Near the end of your pregnancy, your baby gets ready for delivery by flipping itself into a head down position. If this doesn't happen, and your baby remains head upwards, this is known as the breech position.
If your medical team has discovered that your baby is breech before you have reached full term then don't worry, plenty of babies turn themselves around before the end of the pregnancy or even during labour. Before 28 weeks, around 20% of babies are breech; at 32 weeks about 15% are in that position, and by the time you are due, only about 3-4% of babies remain breech. Some may still turn naturally at the end of your term, but there's often not enough room to do so, and most remain in the breech position.
If you have been told you have a breech baby and it hasn't turned by 36 weeks, your midwife or Doctor may try turning your baby manually. This is called an External Cephalic Version (ECV) and involves physically manoeuvring your bump to make the baby flip over. You may be given womb relaxants at this point, and your baby's heartbeat will be monitored. ECV can be uncomfortable, but if the heartbeat monitor shows your baby is in distress, which is very rare, an emergency caesarean section may be given. Baby at this point is at full term so this will not harm it or you.
There is a lot of anecdotal advice about things you can do to encourage your breech baby to flip over, such as putting frozen peas near the top of your bump to encourage the baby to move away from the cold, or doing exercises known as the breech tilt. The easiest way to do this is to lie in bed with a pile of pillows under your buttocks to raise your hips up, or to kneel on your hands and knees for ten minutes every day. Lunging forward whilst on your hands and knees is also said to be helpful. Acupuncture is said to help some women, but make sure you find an accredited practitioner. Your acupuncturist may also try moxibustion, a traditional Chinese method of turning breech babies, where mugwort sticks are burned near your little toes! Many women have found a chiropractor to be helpful but again: make sure they are registered and accredited.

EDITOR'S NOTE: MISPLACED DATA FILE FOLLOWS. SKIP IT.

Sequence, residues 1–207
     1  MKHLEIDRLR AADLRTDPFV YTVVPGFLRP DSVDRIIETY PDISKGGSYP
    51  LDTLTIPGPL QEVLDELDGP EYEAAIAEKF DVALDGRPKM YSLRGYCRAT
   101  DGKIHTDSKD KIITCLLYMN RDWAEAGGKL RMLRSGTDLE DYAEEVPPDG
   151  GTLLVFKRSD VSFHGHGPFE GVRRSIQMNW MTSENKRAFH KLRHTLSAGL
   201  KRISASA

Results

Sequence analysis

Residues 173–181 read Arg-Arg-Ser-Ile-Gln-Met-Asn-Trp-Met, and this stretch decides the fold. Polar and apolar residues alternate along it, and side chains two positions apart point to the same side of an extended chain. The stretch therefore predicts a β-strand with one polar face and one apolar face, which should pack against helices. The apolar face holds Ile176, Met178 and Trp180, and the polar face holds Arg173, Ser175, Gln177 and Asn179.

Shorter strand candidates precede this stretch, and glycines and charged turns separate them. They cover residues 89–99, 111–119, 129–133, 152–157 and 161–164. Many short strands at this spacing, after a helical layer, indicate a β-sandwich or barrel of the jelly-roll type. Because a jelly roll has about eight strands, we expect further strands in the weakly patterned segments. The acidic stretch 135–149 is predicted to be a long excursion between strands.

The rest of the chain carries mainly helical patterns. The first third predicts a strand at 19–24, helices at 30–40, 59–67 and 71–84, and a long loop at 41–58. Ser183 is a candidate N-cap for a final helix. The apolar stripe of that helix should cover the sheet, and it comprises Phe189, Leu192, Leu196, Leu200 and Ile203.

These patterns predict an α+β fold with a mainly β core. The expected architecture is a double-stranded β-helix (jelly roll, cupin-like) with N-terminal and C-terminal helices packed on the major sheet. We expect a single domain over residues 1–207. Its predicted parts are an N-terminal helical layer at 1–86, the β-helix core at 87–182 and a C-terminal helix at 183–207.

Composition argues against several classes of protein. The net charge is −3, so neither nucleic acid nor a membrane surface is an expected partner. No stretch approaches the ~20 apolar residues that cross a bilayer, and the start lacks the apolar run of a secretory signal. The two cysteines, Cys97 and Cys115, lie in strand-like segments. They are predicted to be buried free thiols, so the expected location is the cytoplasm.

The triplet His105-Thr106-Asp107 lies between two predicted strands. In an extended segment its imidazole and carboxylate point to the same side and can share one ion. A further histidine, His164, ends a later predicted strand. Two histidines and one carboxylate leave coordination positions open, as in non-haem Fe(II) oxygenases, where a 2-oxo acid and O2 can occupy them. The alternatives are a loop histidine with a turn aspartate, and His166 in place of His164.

Despite the best efforts of midwives, doctors and mother however, some babies just won't budge and in these instances baby will need to be delivered breech. There are some schools of thought that say all breech babies should be delivered by caesarean section, but some people believe that a natural birth is just as safe if the practitioner has the right skills. Talk to your midwife and/or consultant; do lots of reading, and decide what feels right for you and your baby.